Monday, November 20, 2006

The Annual Chronicle Presidential Salary Survey

By Richard Vedder

This morning, the Chronicle of Higher Education's annual survey of university president salaries is out. The findings continue trends in the last few years: compensation is up, and increased use of non-traditional forms of pay are evident -- performance pay, deferred compensation, and other perks. The prosperity of higher ed is continuing to show up in the pay of the leaders of our institutions.

Moreover, two other trends appear to be continuing:

1. Salaries in research universities are rising much faster than in liberal arts colleges or schools with modest graduate work.

2. Presidential salaries are growing faster than those of mainline employees, including faculty, at least at the more prestigious institutions, not to mention the employment income of ordinary Americans.

In the four years 2000-1 to 2004-05, average presidential compensation at the research universities rose nearly 40 percent, or well over 8 percent a year. In inflation-adjusted terms, the annual rate of increase was about five percent a year, well above compensation growth in the economy as a whole. For private liberal arts colleges, however, the typical increase in inflation adjusted terms was more like 2-3 percent a year, one-half as much.

Higher Education Establishment types would note corporate leader salaries are rising even faster, that the job of college president is getting harder, and that the risks of getting discharged are rising, increasing the "combat" pay dimensions of the job. There is some truth in all of this.

At the same time, however, these trends are very worrisome and troublesome in other regards. Higher education professes to be a higher calling. We subsidize it rather than tax it. The public sacrifices to allow it to exist and flourish beyond what strictly market forces would dictate. University presidents are perceived by the public that subsidizes schools to be more akin to governors of states or ministers or priests --performing public services, for which they can expect to be comfortably paid, but not opulently so. I suspect most people believe a good university president of a fairly large institution should have the income of a highly successful doctor or lawyer, perhaps a $250,000 to $300,000 salary, a nice car, and maybe a stately presidential home for use while in office. If the president wants to earn perhaps another $50,000 to $100,000 a year serving on a corporate board, that is okay too. We want to reward our university presidents reasonably well, but not at the level of corporate executives. When salaries get over, say, $500,000 a year, and, in some cases, over $1 million annually, we have every right to wonder: are the public subsidies we give universities increasingly ending up as "economic rent", payments beyond what is necessary to have the service performed? Are university presidents selfless servants of the public trust, or money-hungry entrepreneurs? Why are we dropping money out of airplanes over college campuses, if the keepers of the purse are increasingly giving the money to themselves?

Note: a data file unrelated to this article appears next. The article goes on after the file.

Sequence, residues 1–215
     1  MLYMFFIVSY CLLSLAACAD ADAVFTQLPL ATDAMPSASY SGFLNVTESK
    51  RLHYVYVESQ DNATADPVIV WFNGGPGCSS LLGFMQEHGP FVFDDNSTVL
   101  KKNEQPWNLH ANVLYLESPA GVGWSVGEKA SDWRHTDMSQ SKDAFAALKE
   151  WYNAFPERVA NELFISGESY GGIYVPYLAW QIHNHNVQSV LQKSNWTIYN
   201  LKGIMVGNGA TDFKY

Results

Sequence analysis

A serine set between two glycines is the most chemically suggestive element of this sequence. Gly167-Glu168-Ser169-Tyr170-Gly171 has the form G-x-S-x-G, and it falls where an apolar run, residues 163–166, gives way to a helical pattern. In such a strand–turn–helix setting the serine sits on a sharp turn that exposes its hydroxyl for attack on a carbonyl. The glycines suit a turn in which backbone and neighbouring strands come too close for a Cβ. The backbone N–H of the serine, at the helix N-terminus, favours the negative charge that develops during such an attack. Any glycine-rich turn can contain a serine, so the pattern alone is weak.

Also, why is it that teaching institutions are treated with far less opulence than research ones? Why do CEOs of big budget teaching institutions make less than CEOs of similarly sized research ones? Are federal research grants increasingly economic rents, something I have long suspected? The new congressional leadership may ask: why do we keep giving tax subsidies and grants to institutions that seem intent on allocating funds to bigger and bigger rates of compensation increase, even while universities operate in a stealth and inefficient fashion, raising tuition fees double the rate of inflation?

5 comments:

superhiker said...

Worrisome indeed. But I'll wait to take care of the $1 million/yr. university presidents until after taking care of the CEOs looting the big corporations for $10 million or $100 million or more -- often for no other service than running the companies they run into the ground, or merging them with some other company, and taking the golden parachute.

TC said...

Sin #1 - There is too much money available.

Sin #2 - The allocation of funds is problematic.

Whoever is responsible for allocating funds within the College or University needs to be "water-boarded."

In this epistle, CCAP is looking under the right rocks. If CCAP continues doing this, the question of where the money is going will develop quite clearly I should think.

(For productivity issues I would start with the burn rate of money and compare it with other colleges and univesities. there is some difficulty in doing this.)

superhiker said...

Actually, I've seen what happens when you do a search for a high position -- having sat on a couple of search committees for such positions -- and you don't offer the market rate. You get a very disappointing set of applications.

One may not like what the market is telling you, but you ignore it at your peril.

superhiker said...

"should have the income of a highly successful doctor or lawyer, perhaps a $250,000 to $300,000 salary"

Rich, you don't have a clue about what a "highly successful doctor or lawyer" makes these days.

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